Admittedly, there is a £2.5bn government initiative in place – known as the Home Building Fund – which offers finance to home building SMEs in England. But whether that money is being put to good use is another question entirely.

Research from LendInvest indicates that this initiative has financed 153 schemes, delivering 88,000 homes to date. But, 18 months since its launch, it’s not clear how much of this fund has actually been deployed to developers, with no data published from any authority on the performance of the loans either.

It’s a strange dichotomy – the government pledges to build more houses, but how does it expect this to happen without improving access to funding? As LendInvest points out, it cannot be left to the largest housebuilders to solve the housing shortage.

Chief executive Christian Faes says the only way to increase supply is by helping property entrepreneurs raise capital, leveraging both private and public sector investment.

SMEs are currently locked out of the housing market, but specialist lenders have the key to let them in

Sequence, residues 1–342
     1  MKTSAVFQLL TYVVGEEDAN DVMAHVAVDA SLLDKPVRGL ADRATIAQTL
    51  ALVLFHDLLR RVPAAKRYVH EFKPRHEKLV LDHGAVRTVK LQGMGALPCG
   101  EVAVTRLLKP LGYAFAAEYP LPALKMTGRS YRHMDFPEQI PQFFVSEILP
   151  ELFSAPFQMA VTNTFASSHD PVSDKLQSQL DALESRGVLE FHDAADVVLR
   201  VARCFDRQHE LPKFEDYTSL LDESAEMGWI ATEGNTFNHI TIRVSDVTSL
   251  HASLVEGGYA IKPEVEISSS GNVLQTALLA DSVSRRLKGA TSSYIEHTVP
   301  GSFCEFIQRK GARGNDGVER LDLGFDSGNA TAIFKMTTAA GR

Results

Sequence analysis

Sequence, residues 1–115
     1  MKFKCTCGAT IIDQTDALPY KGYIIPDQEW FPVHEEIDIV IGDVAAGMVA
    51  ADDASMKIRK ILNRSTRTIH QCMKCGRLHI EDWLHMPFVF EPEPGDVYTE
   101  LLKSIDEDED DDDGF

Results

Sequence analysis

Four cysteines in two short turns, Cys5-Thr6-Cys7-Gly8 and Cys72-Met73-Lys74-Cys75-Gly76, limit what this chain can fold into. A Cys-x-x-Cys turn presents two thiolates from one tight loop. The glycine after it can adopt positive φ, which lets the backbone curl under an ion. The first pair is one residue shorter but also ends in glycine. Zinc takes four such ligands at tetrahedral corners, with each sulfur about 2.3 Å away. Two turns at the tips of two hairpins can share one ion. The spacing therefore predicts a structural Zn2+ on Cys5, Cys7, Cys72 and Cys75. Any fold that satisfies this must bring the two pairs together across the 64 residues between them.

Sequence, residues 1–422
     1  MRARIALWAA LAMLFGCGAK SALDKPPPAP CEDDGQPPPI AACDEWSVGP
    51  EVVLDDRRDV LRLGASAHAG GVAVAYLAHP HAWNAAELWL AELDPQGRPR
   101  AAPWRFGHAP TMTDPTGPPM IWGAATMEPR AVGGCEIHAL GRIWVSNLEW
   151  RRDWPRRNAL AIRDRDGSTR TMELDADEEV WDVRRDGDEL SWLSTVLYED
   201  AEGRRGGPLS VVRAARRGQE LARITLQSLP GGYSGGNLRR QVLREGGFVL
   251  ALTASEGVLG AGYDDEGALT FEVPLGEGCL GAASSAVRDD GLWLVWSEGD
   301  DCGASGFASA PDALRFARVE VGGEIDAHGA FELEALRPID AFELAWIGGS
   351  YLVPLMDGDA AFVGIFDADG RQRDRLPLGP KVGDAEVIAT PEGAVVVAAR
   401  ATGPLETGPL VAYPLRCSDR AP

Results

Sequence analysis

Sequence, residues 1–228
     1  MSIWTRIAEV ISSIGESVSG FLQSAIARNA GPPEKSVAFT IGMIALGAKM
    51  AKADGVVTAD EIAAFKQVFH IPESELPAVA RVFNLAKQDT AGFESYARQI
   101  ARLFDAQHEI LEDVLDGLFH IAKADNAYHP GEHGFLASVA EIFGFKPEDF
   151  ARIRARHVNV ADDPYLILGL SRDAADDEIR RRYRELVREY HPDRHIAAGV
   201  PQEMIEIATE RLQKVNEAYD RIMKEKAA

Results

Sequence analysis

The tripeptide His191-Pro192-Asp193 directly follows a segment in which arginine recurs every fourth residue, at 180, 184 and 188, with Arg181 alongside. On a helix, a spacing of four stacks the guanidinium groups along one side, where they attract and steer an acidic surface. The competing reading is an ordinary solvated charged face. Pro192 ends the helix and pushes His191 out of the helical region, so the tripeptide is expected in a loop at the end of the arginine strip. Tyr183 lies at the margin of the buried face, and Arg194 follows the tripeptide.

The big banks have been edging away from smaller businesses for years, so it’s not exactly news that SMEs across all sectors have been struggling to find finance. But the problem is arguably worse for property SMEs, which are held back by regulatory challenges, and are not eligible for the same tax breaks available to small businesses in other industries.

Also consider that the UK has the highest property taxes in the developed world, meaning many small builders are priced out of the market.

The good news is that specialist lenders can help solve the ongoing housing crisis. “If the government wants to hit its target of building one million new homes by 2022, SMEs will need to work with lenders that can provide a range of innovative loans,” says the Masthaven boss.

Hall points out that challenger banks can provide up to 100 per cent of build costs funded in arrears, and maximum loans to GDV at 60 per cent. “SMEs are currently locked out of the housing market, but specialist lenders have the key to let them in,” he adds.

Experienced lending businesses could even act as intermediaries to assess the creditworthiness of borrowers and allocate government funding, speeding up the process as a result.